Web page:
29.3.  Set out clear management responsibilities, boundaries and interfaces with mechanisms of assessment, analysis and authentication; emphasised as a good investment, not impediment or challenge to status.

29.4.  Inspire leadership to give a sense of visible direction and control from top to bottom.

29.5.  Demonstrate clear management commitment to compatible risk measurement and assessment processes integrated fully into the business processes, never "bolt on" or vulnerable to the reluctant or belligerent.

29.6.  Ensure commitment by all in setting objectives, satisfying needs and requirements.

29.7.  Formalise assigned and communicated management reporting systems.

29.8.  Proactively plan for measurable objectives which should have a credible time frame for achievement and can be actively verified and monitored to build a "corporate memory" from the outset.

29.9.  Listen to and address issues and concerns at every level, planning action accordingly to address them and implementing these actions into the management system. (Countless engineering mishaps have the root cause in unwillingness to consider the opinions of others.)

29.10.  Build awareness with relevant external parties to ensure they are aware of their responsibilities

29.11.  Ensure planned changes are subjected to formal change control mechanisms.

29.12.  Monitor the management system effectiveness from concept through design, manufacture, installation, commissioning and service from the outset.

29.13.  Instigate an appropriate audit programme, taking into consideration the criticality of the activities and processes concerned and the results of previous audits.

29.14.  Plan regular reviews of the management process.

30. Note that there is no mention of safety, reliability or any other terminology or "fancy flute music statistics" in the above. They are metrics which demonstrate the outcome of an effective management process, not the process itself.

What is the Engineering Profession doing to be better organised to respond to risks?

31. Safety and Reliability techniques have matured over 30 years but their application still remains voluntary and practitioners unregulated. The profession has now created clear lines of communication between the different bodies to ensure no aspect falls "between the gratings" or is too jealously guarded. Duty holders will be left in no doubt as to their roles and responsibilities and practitioners suitable enabled to discharge them.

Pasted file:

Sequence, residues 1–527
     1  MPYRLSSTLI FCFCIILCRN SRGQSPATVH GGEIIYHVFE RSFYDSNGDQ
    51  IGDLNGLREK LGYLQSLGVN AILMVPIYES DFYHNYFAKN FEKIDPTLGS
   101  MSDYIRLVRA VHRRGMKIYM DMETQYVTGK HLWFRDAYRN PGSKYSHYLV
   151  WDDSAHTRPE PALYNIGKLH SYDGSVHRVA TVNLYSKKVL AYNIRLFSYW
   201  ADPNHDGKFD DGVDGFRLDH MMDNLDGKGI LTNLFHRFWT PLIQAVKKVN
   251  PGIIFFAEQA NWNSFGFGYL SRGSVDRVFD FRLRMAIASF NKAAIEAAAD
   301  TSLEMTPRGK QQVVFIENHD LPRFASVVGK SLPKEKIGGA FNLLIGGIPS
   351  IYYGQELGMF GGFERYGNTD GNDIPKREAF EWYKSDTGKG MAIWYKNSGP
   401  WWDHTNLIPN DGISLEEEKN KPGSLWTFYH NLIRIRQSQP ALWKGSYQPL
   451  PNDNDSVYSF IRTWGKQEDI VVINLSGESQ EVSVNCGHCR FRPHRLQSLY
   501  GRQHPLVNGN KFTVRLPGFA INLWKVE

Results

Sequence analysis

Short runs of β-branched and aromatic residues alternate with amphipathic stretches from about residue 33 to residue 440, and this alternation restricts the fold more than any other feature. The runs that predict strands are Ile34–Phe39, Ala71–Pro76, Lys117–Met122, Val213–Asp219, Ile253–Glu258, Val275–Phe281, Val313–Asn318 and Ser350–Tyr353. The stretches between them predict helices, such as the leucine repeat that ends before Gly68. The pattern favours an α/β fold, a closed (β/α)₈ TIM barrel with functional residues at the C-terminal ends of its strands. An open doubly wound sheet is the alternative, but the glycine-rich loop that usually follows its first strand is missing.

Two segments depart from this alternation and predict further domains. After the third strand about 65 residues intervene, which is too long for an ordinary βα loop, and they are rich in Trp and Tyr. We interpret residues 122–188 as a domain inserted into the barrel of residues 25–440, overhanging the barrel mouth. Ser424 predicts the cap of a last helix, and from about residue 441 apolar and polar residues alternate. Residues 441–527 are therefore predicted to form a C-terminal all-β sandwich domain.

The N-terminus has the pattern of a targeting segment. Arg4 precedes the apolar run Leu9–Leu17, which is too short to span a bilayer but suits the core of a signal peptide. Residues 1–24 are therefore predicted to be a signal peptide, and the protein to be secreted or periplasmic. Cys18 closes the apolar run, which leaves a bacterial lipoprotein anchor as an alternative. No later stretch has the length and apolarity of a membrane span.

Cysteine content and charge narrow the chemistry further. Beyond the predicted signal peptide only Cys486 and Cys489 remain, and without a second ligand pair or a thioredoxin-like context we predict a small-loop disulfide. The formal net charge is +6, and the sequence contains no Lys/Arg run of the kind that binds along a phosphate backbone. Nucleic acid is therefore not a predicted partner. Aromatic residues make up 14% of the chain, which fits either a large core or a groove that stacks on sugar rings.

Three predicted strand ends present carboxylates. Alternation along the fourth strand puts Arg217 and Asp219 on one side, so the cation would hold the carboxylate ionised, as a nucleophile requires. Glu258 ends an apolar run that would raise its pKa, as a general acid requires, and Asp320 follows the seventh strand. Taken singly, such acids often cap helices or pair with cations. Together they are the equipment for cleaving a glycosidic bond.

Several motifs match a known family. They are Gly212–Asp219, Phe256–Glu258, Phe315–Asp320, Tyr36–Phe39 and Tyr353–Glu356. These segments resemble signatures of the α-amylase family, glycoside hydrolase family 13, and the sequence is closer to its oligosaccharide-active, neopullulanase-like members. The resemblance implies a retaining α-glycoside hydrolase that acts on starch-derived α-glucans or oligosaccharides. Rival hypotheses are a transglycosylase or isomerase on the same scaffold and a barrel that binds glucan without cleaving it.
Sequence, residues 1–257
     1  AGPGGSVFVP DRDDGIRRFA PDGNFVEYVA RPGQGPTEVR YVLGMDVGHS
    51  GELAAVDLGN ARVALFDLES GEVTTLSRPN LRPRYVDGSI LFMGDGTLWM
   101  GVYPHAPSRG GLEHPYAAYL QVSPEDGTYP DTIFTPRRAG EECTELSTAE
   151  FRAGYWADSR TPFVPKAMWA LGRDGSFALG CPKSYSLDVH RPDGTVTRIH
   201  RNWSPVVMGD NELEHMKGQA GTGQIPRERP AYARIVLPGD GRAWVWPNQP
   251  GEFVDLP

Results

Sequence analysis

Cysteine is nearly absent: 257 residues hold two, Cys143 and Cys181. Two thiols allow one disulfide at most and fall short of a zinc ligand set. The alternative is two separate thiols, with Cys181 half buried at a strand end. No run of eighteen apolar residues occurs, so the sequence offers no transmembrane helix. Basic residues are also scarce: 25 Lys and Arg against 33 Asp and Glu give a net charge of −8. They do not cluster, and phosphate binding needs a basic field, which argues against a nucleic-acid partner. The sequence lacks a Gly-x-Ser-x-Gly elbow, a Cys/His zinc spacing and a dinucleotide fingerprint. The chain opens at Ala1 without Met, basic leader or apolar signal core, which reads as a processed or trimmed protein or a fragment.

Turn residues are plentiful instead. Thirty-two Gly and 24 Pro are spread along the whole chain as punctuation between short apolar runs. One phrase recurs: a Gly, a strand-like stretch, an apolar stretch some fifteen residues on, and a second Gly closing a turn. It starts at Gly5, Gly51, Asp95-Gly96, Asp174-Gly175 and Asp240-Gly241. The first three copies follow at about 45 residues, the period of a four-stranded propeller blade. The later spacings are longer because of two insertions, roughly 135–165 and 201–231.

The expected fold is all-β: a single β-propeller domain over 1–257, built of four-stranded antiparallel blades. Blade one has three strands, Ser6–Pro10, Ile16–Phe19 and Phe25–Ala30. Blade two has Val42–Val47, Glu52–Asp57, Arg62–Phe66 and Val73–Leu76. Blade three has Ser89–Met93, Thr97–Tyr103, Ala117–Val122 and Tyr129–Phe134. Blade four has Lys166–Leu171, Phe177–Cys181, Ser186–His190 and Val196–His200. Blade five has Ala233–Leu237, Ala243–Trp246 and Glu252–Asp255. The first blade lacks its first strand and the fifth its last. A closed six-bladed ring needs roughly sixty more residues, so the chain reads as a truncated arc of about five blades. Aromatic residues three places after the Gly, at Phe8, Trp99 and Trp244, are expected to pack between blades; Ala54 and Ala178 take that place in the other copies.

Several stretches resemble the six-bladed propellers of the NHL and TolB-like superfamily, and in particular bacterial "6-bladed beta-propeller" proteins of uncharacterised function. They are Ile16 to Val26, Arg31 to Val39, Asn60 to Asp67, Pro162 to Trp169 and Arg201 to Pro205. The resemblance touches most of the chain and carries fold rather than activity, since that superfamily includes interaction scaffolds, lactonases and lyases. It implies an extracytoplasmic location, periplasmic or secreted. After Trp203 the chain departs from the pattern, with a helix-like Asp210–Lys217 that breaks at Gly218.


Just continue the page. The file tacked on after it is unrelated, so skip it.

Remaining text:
32. To guard against the irrational portrayal of engineering as "unsafe" and hazardous outcomes "inevitable" amongst the less well informed to the detriment of mankind's well being and prosperity, engineers need to provide an effective, consistent and understandable risk management framework. There may seem to be many symptomatic root causes of failures there is actually only one, namely the unwillingness to dispassionately and objectively consider the proposed function with the fitness for purpose of the proposed response to it and putting aside short term considerations of which the greatest and most deadly are cost and ego.

33. Domestic appliances are an example of continuous improvement, and there is a trail of corporate corpses of those who dismissed the need for thinking about better performance in that area. The necessary techniques and processes to enable reliability exist in standards and are taught in mainstream academic institutions.

34. HSE have an initiative to bring this awareness to undergraduates (but incredibly is having difficulty in finding funds!). Many of the specialist assessment techniques are "owned" by cross industry specialist bodies (IOSH, SaRS etc) but their application is best steered through the relevant professional institutions and adapted to the specific industries by engineers intimately connected to them. This forms the strategy that the co-ordinated efforts of the engineering professions and specialist bodies are embracing.

35. This reins in both the "expert" who rains down the boiled oil of confusion completely divorced from any knowledge of the specific technology and the "experienced engineer" who feels any directive to carry out safety and reliability assessments, especially by those perceived as "amateurs" as a slight to their virility.

36. The Engineering Council Guidelines lay down the principles that engineers should follow. All this however will be "toothless" unless there is political awareness and firm legislative direction. There needs to be a partnership between government and the profession to achieve this, it will take a little time but it is imperative.

September 2010